By Syed Raza Hassan
KARACHI, Pakistan (Reuters) – A suicide bomber attacked a crowded Sufi shrine in southern Pakistan on Thursday, police said, with local media reporting at least 25 people had been killed and dozens more wounded in the latest in a wave of bombings this week.
Prime Minister Nawaz Sharif immediately condemned the attack on Lal Shahbaz Qalandar in the town of Sehwan in Sindh province.
A suicide bomber entered the shrine as crowds massed on Thursday, a statement from the Sindh police spokesman said.
Local Dawn TV quoted a medical superintendent identified as Moinuuddin as saying 25 bodies and 25 seriously wounded were brought to a local hospital.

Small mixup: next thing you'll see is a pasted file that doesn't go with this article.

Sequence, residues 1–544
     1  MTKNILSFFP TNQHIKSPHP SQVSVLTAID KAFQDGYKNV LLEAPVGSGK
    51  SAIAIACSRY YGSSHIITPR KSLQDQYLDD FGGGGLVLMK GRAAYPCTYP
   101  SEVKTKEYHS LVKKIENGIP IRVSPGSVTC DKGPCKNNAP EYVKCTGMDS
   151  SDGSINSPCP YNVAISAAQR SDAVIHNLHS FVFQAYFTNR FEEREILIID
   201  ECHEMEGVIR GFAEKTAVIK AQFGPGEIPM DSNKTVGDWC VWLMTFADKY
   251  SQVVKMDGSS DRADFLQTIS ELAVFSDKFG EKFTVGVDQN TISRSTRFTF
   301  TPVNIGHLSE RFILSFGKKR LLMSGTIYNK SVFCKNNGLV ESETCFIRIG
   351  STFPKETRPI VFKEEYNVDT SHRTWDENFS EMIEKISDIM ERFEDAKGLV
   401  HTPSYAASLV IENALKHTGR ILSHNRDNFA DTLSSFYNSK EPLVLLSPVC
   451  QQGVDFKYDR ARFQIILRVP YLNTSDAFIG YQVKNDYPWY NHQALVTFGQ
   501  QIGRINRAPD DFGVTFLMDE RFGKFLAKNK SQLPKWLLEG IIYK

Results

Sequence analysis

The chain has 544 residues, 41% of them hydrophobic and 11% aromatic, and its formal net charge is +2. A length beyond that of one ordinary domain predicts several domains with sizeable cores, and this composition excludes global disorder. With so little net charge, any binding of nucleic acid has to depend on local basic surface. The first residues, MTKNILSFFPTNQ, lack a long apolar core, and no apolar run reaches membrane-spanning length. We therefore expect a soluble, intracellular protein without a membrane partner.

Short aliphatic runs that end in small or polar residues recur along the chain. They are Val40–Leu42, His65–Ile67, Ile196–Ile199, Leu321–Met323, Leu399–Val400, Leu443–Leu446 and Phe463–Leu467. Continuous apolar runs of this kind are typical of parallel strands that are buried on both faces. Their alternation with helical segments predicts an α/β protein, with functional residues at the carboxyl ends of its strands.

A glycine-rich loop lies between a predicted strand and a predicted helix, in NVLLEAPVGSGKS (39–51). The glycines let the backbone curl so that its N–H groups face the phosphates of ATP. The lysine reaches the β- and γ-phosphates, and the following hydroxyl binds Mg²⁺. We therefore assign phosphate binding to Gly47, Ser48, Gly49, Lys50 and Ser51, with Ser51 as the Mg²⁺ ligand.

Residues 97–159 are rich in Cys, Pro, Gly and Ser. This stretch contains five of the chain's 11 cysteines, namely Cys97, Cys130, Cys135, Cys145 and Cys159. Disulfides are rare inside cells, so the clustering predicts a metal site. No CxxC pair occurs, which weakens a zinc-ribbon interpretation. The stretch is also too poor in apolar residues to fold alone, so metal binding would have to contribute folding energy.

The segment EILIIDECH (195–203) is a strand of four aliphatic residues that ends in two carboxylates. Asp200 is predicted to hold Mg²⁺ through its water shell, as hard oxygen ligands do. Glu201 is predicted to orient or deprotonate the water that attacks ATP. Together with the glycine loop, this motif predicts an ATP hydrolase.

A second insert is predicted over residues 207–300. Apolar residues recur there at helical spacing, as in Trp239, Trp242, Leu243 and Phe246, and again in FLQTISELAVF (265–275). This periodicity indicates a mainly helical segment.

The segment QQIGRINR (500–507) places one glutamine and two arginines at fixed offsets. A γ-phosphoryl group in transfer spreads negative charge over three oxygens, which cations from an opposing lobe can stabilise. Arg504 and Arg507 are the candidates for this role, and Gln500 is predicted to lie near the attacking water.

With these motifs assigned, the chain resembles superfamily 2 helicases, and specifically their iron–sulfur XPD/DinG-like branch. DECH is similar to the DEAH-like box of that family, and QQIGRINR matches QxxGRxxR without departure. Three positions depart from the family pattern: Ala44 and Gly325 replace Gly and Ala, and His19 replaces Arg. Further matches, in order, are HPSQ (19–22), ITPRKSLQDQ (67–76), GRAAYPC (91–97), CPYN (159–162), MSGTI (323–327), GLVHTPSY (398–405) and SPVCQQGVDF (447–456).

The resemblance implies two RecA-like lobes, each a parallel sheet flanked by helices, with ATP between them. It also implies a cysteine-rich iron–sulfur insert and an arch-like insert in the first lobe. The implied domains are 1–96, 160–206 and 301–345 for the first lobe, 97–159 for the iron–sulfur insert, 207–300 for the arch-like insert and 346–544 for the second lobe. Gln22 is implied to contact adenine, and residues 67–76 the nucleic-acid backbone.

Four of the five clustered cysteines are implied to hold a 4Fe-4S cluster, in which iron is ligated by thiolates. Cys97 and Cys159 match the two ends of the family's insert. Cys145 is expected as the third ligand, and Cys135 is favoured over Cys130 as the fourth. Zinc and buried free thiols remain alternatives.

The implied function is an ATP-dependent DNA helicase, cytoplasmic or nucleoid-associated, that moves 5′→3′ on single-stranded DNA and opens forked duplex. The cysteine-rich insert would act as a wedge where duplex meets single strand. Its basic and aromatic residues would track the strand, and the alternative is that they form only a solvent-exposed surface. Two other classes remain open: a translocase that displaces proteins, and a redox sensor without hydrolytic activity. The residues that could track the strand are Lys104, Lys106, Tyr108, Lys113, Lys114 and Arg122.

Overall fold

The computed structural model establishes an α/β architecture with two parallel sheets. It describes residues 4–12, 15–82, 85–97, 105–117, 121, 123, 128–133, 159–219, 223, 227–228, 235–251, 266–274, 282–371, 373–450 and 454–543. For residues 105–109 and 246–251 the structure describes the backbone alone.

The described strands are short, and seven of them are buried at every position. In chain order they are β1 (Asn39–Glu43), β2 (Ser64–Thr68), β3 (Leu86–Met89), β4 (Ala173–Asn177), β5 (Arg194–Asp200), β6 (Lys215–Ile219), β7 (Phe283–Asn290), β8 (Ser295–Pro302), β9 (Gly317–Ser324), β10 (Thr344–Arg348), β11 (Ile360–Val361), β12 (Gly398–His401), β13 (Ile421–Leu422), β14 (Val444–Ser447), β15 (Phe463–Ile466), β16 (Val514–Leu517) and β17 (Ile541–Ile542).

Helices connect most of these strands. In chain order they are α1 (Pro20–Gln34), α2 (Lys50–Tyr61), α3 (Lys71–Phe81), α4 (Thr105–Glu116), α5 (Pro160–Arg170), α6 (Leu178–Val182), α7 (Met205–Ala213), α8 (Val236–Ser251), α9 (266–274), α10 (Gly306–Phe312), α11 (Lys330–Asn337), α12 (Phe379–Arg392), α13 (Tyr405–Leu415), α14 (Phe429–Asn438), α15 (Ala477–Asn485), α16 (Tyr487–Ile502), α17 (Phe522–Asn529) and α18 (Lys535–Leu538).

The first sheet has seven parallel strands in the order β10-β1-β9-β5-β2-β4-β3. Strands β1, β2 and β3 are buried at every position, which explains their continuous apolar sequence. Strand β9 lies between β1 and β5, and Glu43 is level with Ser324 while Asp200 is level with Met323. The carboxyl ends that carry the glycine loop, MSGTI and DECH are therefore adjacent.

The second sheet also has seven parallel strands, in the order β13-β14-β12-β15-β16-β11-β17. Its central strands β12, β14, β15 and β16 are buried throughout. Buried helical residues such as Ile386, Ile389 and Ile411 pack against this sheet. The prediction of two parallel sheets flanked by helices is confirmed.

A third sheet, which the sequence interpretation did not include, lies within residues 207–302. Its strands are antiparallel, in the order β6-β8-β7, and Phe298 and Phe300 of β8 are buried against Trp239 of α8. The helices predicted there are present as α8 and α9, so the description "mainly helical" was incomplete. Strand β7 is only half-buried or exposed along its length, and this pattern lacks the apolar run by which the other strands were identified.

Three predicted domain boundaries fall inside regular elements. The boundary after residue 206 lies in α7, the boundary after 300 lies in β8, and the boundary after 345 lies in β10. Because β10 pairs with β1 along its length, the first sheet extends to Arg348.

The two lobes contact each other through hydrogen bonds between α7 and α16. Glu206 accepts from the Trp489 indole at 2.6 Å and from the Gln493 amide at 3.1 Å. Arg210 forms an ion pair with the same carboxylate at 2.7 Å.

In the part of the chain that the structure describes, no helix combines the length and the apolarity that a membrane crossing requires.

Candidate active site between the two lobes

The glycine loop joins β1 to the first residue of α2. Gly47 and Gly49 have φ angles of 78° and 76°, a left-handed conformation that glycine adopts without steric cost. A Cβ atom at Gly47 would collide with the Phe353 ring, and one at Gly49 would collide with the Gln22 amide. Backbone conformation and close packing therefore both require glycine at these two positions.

Geo TV quoted an unnamed medical official as saying at least 30 were killed.
There was no immediate claim of responsibility for the shrine blast.
Several other attacks this week, including a bomb that killed 13 people in the eastern city of Lahore, were claimed by the Pakistani Taliban’s Jamaat-ur-Ahrar faction.
Sharif in his statement decried the attack on the Sufi religious minority and vowed to fight Islamist militants who target the government and anyone who does not adhere to their strict interpretation of Sunni Islam.
“The past few days have been hard, and my heart is with the victims,” Sharif said.
“But we can’t let these events divide us, or scare us. We must stand united in this struggle for the Pakistani identity, and universal humanity.”
(Additional reporting by Mehreen Zahra-Malik in ISLAMABAD; Writing by Kay Johnson; Editing by Alison Williams)